Sunday, October 31, 2010

Synbio in space

Many interesting applications of synthetic biology in space missions were discussed at the Synthetic Biology workshop held October 30-31, 2010 at NASA Ames in conjunction with the National Academies Keck Futures Initiative. Scientists from a variety of backgrounds came together to brainstorm solutions in an integrative approach. The most impressive aspect was how different areas of synthetic biology have been progressing enough to discuss ideas and techniques that could be applied to space missions in a robust way.

Environment enhancement
One of the most important areas that synthetic biology may be able to help with is in making space environments more manageable and habitable by humans. The regolith, the powdery blanket covering the moon and Mars, may likely need to be ameliorated into harder less dusty surfaces.

Synthetic biology could be helpful in creating microbes to faster weather regolith/rock for an order of magnitude quicker release of bioessential elements such as Magnesium, Calcium, Potassium, and Iron. (related publications)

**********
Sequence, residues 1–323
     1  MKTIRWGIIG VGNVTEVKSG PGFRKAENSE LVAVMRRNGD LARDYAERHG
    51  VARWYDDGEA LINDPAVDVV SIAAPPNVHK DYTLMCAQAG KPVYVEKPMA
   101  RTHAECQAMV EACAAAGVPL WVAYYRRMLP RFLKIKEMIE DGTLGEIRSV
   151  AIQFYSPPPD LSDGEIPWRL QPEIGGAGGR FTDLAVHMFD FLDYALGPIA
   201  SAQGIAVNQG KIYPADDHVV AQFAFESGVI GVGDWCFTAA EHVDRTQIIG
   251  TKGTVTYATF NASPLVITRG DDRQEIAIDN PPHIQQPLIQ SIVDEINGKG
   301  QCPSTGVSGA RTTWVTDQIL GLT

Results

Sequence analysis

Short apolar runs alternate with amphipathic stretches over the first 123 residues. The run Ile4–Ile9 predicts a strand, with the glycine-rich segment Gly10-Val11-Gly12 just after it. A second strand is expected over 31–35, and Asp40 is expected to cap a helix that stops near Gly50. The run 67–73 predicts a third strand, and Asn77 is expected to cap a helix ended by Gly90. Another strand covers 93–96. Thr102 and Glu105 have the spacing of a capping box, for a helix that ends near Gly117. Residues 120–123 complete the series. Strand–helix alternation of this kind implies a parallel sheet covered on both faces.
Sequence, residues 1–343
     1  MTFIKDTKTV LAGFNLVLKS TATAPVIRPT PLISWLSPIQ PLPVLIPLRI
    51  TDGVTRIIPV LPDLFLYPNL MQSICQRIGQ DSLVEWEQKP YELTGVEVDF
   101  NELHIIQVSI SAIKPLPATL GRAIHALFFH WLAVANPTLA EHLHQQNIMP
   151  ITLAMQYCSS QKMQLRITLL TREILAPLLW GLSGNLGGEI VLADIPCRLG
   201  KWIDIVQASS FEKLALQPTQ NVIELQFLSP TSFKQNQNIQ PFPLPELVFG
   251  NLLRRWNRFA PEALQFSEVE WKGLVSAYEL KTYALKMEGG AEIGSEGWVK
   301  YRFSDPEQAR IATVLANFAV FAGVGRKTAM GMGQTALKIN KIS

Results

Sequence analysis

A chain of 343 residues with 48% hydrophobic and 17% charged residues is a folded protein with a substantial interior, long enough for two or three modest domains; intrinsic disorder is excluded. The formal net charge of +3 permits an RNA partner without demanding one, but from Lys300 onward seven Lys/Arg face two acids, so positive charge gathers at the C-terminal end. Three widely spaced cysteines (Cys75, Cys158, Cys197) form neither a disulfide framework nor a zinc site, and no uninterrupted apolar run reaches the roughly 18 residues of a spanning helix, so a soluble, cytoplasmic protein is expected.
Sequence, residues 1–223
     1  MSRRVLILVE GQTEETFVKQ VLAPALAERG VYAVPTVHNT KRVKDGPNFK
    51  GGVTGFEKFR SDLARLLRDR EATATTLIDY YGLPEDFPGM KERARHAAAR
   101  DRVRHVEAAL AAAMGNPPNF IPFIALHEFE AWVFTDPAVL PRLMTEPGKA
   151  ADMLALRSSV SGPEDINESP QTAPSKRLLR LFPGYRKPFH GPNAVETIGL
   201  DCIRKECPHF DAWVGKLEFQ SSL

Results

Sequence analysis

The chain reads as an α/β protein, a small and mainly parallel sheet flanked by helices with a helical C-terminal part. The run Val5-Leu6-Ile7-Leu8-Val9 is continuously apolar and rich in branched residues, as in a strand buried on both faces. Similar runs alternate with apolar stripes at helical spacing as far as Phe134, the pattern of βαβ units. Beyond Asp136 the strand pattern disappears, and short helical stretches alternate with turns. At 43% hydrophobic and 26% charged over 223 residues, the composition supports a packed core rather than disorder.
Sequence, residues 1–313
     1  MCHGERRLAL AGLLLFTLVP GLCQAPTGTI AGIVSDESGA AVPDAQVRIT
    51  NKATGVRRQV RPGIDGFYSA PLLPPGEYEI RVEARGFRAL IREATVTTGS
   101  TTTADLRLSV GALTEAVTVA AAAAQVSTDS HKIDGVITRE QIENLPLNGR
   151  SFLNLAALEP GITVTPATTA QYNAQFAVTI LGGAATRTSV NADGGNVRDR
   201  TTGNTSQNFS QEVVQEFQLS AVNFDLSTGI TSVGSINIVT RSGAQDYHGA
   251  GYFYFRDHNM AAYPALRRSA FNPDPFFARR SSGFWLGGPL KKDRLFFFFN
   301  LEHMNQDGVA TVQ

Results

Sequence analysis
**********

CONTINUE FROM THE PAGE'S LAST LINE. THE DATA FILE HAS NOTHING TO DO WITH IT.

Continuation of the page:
Biomaterials and self-building habitats
Synthetic biology could help to create microbes for use in building structures, both as scaffolds and by growing on scaffolds. Bacterially-generated alternatives to Portland cement (bricks made from bacteria, sand, calcium chloride, and urea) are currently being investigated, along with other plant-development inspired architectures.

New gene function
While the discovery of new mammalian genes has become saturated, the majority of newly sequenced ocean-based microbes continue to have novel gene functions. Some of these may be quite useful in space environments, for example, D. radiodurans, which can withstand significant radiation and rebuild its DNA when damaged.

Space economics – the Basalt Economy
The economics of space suggest that synthetic biological solutions might be developed more readily for space challenges, and later deployed on Earth as the technologies mature. The main constraint for space is developing in-situ solutions that are cheaper than lifting materials from Earth, as opposed to creating competitive products for Earth-based supply chains (e.g.; synthetic biofuel).

Whole human genome and metabiome sequencing, genome synthesis and assembly, and genetic design and proofing software (bioCAD) as shown in Figure 1 are all improving. A vast industry similar to that of semiconductor design and manufacture could likely develop for synthetic biology.

Figure 1: Example of SLIC/Gibson/CPEC gene sequence assembly (Source)

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